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Re: Sad day

Nokia has always been a textbook case of mismanagement with different divisions almost in perpetual war with each other. It needed an overhaul. But Nokia's current course is less overhaul and more corporate suicide, shedding jobs, knowledge and identity and sucking up to Microsoft as their sole benefactors.

I would not be surprised if the company is up on the auction block soon enough. All this job reduction is not a long term move, it's to make the books look more balanced for a quick sale.

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Unhappy

Re: Sad day

"They made some fantastic, well thought out, functionally excellent and solidly built phones back then..."

Indeed. I had a Nokia 6110 from 1998 until it died circa 2005. It had a really imtuitive text based menu where you could address items via their number within successive menu levels (e.g. you could bash in 4.2.3), and there was a section in the manual detailing the combinations.

Then on a course a couple of years ago there were two of us working together, both with more modern Nokias, and we couldn't find the calculator function on the wretched things (it had been buried inside the Organizer menu). The sad thing was that we had both bought Nokia the second time around because we had been so impressed with their earlier models.

I read a couple of years ago that Nokia had something daft like 80 models in their line up. That was enough to tell me not to hope to much for their future.

A sad day indeed, but somehow inevitable.

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Devil

Re: Sad day

Most symbian fans were inexplicably committed, in a way some Blackberry fans are. There was only one thing Nokia could do to drive those customers away. And they did it. And now Nokia sells fewer smart phones than that committed installed base of loyal fans would have bought even if they didn't update Symbian at all.

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Re: Sad day

I think if you were to capture the essence of what people liked about Symbian it could have been replicated fairly accurately over Android. There was no reason to drive them away except for the fact that what they chose to replace it with bore absolutely no resemblance and Microsoft were not to permit them to customize it in any substantial way either.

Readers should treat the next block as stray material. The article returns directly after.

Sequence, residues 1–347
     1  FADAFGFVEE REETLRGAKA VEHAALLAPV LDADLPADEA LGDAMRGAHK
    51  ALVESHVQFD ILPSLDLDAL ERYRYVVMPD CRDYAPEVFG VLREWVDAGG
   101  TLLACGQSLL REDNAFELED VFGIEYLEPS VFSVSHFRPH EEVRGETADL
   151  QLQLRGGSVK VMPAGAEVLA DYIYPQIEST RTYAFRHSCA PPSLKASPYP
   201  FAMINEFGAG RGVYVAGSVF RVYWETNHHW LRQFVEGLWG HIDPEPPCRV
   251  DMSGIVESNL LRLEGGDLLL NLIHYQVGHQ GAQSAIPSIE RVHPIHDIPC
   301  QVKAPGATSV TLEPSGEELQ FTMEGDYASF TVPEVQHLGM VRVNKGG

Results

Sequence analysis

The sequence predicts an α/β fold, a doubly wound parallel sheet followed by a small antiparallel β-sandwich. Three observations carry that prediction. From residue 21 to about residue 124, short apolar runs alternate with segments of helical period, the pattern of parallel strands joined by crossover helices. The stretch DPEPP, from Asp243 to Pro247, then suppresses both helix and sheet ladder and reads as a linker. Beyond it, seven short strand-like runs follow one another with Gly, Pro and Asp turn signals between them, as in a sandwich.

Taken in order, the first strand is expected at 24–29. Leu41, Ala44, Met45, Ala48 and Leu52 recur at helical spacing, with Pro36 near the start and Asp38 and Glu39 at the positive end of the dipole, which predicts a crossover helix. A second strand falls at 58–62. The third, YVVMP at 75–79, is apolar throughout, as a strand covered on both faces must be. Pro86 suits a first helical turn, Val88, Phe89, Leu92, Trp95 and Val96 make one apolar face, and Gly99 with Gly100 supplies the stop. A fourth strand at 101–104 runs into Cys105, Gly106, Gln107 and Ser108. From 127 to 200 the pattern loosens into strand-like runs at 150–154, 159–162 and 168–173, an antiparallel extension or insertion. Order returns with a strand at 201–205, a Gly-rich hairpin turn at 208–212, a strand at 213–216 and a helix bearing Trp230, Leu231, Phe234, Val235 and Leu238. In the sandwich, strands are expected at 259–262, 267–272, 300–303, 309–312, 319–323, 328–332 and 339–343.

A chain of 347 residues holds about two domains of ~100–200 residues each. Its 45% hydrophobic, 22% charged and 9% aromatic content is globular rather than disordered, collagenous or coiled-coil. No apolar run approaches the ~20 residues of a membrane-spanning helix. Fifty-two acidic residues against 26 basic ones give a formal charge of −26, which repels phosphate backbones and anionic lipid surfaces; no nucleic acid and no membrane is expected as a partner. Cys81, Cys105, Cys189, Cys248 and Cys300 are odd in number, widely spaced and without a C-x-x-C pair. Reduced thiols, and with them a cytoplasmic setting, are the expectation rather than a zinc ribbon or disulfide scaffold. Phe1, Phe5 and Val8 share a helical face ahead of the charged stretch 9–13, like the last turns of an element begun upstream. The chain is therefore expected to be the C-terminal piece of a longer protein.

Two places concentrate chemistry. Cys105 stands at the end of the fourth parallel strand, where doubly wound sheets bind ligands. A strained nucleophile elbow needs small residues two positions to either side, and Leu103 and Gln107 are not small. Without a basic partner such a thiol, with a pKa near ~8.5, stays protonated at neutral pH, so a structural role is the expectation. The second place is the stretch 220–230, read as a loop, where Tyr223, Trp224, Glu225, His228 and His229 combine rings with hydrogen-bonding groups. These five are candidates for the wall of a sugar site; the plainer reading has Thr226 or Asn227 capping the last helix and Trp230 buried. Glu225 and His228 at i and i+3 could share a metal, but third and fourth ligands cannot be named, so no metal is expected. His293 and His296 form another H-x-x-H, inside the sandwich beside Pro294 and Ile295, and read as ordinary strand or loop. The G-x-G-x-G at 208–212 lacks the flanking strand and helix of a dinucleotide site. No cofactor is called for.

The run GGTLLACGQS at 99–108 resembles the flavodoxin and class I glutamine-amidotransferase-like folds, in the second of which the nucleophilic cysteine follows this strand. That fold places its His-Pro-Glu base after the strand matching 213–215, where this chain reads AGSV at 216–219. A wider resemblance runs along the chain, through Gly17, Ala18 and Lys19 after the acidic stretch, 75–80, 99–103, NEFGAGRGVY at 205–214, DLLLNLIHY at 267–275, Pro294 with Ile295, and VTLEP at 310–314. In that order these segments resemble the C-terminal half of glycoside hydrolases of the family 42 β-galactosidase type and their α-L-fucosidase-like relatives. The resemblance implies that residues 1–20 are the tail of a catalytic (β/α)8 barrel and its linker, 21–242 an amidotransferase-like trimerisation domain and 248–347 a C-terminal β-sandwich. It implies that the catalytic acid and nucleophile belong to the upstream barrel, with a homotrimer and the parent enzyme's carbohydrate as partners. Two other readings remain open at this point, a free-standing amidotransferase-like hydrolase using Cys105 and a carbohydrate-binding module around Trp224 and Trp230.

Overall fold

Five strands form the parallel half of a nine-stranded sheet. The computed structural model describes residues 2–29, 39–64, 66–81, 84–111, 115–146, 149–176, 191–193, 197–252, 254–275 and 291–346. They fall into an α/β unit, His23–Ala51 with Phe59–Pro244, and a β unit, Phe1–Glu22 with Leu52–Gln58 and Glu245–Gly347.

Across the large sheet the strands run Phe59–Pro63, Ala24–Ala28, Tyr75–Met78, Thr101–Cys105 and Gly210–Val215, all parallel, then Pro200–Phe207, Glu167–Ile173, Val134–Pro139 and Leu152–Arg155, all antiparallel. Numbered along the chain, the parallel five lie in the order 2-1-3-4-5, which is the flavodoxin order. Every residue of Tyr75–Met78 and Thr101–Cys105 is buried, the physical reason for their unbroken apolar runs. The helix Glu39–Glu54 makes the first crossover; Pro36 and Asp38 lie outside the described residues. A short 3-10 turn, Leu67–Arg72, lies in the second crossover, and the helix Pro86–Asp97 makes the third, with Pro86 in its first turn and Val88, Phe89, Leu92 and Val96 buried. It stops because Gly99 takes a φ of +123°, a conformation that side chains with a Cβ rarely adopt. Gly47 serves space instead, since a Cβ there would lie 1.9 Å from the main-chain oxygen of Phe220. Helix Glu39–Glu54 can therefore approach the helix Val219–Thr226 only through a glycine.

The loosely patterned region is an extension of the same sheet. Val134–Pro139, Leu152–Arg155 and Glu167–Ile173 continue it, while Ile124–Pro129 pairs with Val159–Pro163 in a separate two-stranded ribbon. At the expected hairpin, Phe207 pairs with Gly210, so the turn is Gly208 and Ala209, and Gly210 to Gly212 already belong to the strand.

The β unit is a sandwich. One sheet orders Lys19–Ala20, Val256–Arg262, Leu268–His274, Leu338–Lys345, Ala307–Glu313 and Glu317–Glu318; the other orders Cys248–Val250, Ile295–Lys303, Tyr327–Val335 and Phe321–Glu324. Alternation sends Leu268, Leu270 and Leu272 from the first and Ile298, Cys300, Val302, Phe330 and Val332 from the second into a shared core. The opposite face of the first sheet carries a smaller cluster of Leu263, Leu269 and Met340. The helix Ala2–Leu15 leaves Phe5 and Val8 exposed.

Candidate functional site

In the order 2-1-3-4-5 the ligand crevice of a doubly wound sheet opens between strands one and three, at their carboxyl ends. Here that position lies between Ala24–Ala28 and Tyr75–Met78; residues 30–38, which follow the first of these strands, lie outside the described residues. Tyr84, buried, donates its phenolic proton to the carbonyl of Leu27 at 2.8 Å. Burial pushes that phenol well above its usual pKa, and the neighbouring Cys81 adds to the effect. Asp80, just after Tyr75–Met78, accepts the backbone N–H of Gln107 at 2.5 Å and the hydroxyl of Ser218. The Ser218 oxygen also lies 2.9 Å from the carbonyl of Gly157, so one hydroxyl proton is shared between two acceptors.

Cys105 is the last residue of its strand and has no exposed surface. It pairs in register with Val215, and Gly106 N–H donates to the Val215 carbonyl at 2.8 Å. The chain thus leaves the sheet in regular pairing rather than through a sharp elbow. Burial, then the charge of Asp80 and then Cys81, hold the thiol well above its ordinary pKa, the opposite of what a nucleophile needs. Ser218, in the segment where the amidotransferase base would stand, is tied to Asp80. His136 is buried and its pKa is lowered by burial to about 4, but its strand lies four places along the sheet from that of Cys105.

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Are you sure?

" ... essence of what people liked about Symbian ..", great, what I liked was the week long battery life. Just how do I go about making my Android phone do that?

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Happy

Re: Sad day

You can still do the menu number combination on my budget year-old Nokia C1, though if you use one of the softkeys for a "Go to" menu you hardly ever need it.

I would agree on the excessive number of phones in their product line-up, it's too confusing for users and the support suffers.

I'm sad to see Nokia self-destruct. I'm loyal to their brand having exclusively owned Nokias for the last 8 years but doubt I'll get another one. I'm happy with the C1 though, with Opera Mini and Google Maps it's pretty powerful for a cheap phone, despite the lack of processing power and a few software bugs (but what phone hasn't?).

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Awful but predictable

Now Elop has borged the entire company they have little of value left for any potential suitor.

Very sad, particularly to be locked out of source control.

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Anonymous Coward

Re: Awful but predictable

"little of value left for any potential suitor"

They have a lot of value left: their patent portfolio. Elop just has to bring the price down a bit more, then they'll get snapped up by MS before you can say "embrace, extend, extinguish".

They didn't even need the "extend" phase this time...

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Anonymous Coward

People weren't expecting this?